In our own Xiangya cohort, the SLC26A4 expression in PCa samples was lower than that in benign prostatic hyperplasia tissues at both mRNA and protein levels, which was inconsistent with the results of the TCGA-PRAD cohort. This may be due to the insufficient sample size of our cohort. Therefore, it needs to be further confirmed. Importantly, we found that SLC26A4 performed well in predicting HRD in patients with PCa. Patients with HRD-related gene mutations are often sensitive to PARP inhibitors, so we proposed that SLC26A4 may be a novel biomarker to screen patients sensitive to PARP inhibitors.

Consequently, we herein provided a potential biomarker for the treatment of PCa with PARP inhibitors. However, several limitations should be addressed in our study. First, there is a lack of SLC26A4 expression data in the prostate cancer single-cell cohort, which has been mentioned above. Secondly, our analyses were also limited by the relatively small sample size. Finally, due to the lack of prognostic and treatment information in the cohort, we failed to thoroughly verify the value of SLC26A4 in suggesting prognosis and guiding treatment. Therefore, further validation based on a large cohort is warranted.

Conclusion

We introduced HRDscore to quantify the HRD pattern of individual PCa patients, which can predict the prognosis of PCa with stability and universality and has a specific value in guiding treatment. A new biomarker, SLC26A4, plays a protective role in PCa and can screen patients suitable for PARP inhibitor treatment.

Availability of data and materials

The datasets used and/or analyzed during the current study are available from the corresponding author on reasonable request.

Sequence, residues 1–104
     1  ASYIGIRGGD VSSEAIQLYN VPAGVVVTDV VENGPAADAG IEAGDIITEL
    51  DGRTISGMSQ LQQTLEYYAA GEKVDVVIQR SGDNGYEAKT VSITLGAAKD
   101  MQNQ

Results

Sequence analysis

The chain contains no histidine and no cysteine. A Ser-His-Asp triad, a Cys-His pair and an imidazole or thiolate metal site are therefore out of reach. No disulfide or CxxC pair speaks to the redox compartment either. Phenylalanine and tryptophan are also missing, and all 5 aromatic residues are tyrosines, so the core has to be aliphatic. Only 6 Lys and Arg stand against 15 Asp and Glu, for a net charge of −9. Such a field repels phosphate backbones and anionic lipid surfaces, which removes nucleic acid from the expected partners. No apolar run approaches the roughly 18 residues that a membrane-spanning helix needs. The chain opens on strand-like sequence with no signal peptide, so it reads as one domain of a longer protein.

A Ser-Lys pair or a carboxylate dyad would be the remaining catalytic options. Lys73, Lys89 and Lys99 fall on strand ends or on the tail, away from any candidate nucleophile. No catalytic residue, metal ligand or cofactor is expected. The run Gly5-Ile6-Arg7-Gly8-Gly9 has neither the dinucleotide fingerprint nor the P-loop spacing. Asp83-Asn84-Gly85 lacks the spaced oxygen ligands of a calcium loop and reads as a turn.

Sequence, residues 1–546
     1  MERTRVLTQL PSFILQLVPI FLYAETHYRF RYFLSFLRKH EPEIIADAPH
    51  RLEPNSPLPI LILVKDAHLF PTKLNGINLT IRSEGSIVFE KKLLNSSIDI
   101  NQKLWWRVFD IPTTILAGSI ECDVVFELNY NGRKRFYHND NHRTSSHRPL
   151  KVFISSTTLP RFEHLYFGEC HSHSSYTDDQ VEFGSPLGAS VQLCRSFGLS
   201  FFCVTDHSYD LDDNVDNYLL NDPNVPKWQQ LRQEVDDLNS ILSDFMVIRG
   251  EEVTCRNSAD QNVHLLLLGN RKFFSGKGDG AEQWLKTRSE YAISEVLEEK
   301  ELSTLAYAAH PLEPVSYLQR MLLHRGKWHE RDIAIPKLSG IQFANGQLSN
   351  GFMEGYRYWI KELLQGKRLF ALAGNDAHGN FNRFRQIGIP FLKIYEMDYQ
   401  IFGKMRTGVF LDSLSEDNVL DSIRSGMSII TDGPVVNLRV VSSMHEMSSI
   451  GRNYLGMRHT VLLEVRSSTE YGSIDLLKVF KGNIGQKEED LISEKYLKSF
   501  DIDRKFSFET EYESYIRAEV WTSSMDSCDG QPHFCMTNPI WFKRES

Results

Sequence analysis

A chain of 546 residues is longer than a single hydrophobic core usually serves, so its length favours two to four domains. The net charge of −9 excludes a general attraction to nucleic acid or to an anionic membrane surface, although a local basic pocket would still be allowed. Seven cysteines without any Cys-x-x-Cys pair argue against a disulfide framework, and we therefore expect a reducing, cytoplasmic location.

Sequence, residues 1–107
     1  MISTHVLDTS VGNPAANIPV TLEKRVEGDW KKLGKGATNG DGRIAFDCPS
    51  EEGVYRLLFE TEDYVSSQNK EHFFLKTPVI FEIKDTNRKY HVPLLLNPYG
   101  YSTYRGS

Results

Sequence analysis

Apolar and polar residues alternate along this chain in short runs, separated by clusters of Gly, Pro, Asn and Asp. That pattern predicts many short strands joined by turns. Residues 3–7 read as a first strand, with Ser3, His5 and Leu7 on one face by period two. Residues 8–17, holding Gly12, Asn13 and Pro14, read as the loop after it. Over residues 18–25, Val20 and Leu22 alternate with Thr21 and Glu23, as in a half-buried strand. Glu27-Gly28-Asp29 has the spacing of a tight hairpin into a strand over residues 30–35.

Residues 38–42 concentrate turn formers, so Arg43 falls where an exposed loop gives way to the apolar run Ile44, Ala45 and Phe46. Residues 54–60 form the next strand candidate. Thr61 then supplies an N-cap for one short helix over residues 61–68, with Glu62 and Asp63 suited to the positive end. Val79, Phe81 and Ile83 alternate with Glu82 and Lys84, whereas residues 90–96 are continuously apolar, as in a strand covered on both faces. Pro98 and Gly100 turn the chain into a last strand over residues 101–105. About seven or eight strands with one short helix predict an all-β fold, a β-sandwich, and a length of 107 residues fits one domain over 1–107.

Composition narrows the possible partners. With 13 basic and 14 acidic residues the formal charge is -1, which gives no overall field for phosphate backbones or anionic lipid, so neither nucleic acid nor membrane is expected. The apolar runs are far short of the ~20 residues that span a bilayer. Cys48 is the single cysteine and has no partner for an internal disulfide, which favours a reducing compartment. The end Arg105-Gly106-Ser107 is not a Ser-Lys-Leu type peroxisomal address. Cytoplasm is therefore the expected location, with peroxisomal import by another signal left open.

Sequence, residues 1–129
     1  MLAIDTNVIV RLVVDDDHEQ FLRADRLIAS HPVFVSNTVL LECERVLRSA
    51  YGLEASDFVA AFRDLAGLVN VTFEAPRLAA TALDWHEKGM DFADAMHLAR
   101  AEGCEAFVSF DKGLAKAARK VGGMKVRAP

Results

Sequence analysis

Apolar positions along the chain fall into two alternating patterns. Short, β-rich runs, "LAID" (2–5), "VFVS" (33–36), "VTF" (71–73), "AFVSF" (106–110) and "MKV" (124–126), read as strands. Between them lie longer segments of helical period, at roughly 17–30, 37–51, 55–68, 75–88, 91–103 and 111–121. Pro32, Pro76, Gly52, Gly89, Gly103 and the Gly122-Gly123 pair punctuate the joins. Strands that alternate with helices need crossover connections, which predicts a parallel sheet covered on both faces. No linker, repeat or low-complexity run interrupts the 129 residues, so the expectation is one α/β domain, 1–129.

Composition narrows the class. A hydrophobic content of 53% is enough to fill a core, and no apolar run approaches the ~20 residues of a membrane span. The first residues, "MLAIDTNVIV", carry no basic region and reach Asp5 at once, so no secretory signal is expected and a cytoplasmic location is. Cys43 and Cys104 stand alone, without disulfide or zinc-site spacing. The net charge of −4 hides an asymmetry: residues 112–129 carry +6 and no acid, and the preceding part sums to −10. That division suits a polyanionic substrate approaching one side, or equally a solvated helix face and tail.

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Acknowledgements

Not applicable.

Funding

This research was supported by the Key Research and Development program of Hunan Province (2021SK2014), the National Natural Science Foundations of China (81902606), and National Natural Science Foundation of Hunan Province (2020JJ5882, 2020JJ5891).

Author information

Authors and Affiliations

Authors

Contributions

Acquisition of data: CL, YZ, and WY. Analysis and interpretation of data: CL, ZL, and YG, Conception and design: CL, YZ, WY, and YC. Data curation: XG and XZ. Development of methodology: WY and YC. Writing the manuscript: CL and WY. All authors read and approved the final manuscript.

Corresponding authors

Correspondence to Ye Zhang, Wenrui Ye or Yi Cai.

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The procedures related to human subjects have been performed in accordance with the Declaration of Helsinki and approved by the Ethics Committee of Xiangya Hospital, Central South University. We have obtained informed consent to participate in the study from all participants.

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Supplementary Information

Additional file 1: Figure S1.

Consensus clustering of HRD-related genes in the MSKCC-PRAD cohort. (Left) The consensus matrix when k = 3. (Right) The survival differences in three clusters regarding PFI.

Additional file 2: Figure S2.